The goodwill of my heart and my supplication to God for them are indeed for their salvation.—Rom. 10:1.
How can we imitate Paul? First, we strive to maintain a heartfelt desire to find any who might be “rightly disposed for everlasting life.” Second, we supplicate Jehovah in prayer to open the heart of sincere ones. (Acts 13:48; 16:14) Silvana, a pioneer for nearly 30 years, says, “Before I go to a house in my territory, I pray to Jehovah, asking him to give me a positive attitude.” We also pray to God that angels may direct us to find honesthearted ones. (Matt. 10:11-13; Rev. 14:6) Notes Robert, a pioneer for over 30 years, “To work along with angels who know what is going on in the householders’ lives is exciting.” Third, we try to see a potential for good in people. Says Carl, an elder, “I look for any small sign that may reveal a person’s sincerity, perhaps a smile, a kind look, or an honest question.” Yes, like Paul, we can endure in bearing fruit. w18.05 15 ¶13; 16 ¶15
Let us consider one another . . . , encouraging one another, and all the more so as you see the day drawing near.—Heb. 10:24, 25.
News of faithfulness on the part of those we have helped in the past can be a real source of encouragement, as it was for the apostle John, who wrote: “No greater joy do I have than this: that I should hear that my children go on walking in the truth.” (3 John 4) Many pioneers can attest to how encouraging it is for them to learn that some of those they helped into the truth years ago are staying faithful and perhaps are even serving as pioneers. Simply reminding a discouraged pioneer of past joys can be a real source of comfort. Many circuit overseers have stated how encouraged they and their wives felt after receiving even a short note of gratitude for their visit to a congregation. The same can be true of elders, missionaries, pioneers, and Bethel family members who receive a word of appreciation for their faithful service. w18.04 23 ¶14-15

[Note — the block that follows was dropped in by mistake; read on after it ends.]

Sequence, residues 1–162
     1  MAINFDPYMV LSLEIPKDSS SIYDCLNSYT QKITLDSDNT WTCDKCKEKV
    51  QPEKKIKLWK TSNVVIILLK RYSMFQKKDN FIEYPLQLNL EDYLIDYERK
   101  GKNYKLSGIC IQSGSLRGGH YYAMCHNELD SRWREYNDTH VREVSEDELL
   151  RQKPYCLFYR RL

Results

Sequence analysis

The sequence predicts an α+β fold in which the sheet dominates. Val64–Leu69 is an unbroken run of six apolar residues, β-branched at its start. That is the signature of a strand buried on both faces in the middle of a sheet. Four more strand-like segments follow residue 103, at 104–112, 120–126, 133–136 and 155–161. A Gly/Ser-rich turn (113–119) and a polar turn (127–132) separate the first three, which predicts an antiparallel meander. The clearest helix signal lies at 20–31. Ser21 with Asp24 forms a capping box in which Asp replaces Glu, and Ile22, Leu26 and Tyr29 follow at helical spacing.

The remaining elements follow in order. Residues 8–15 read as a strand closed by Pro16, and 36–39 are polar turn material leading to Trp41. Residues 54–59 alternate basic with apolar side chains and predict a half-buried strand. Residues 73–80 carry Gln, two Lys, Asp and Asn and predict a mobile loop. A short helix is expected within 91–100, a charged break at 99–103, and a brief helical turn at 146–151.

[The king] should [not] take many wives for himself, so that his heart [might] not go astray.—Deut. 17:17.
Solomon disobeyed, eventually marrying 700 women. He brought into his household an additional 300 concubines. (1 Ki. 11:3) Many of his wives were non-Israelites, who worshipped false gods. Hence, Solomon also disobeyed God’s law against marrying foreign women. (Deut. 7:3, 4) Solomon’s gradual departure from Jehovah’s requirements led him in time to extreme wrongdoing. Solomon built an altar to the idol goddess Ashtoreth and at least one other altar to the false god Chemosh. There he joined his wives in pagan worship. He built those altars on, of all places, a mountain located directly in front of Jerusalem, where he had built Jehovah’s temple! (1 Ki. 11:5-8; 2 Ki. 23:13) Perhaps Solomon fooled himself into thinking that Jehovah would overlook his disobedience as long as he also continued to offer sacrifices at the temple. But Jehovah never overlooks wrongdoing. w18.07 18-19 ¶7-9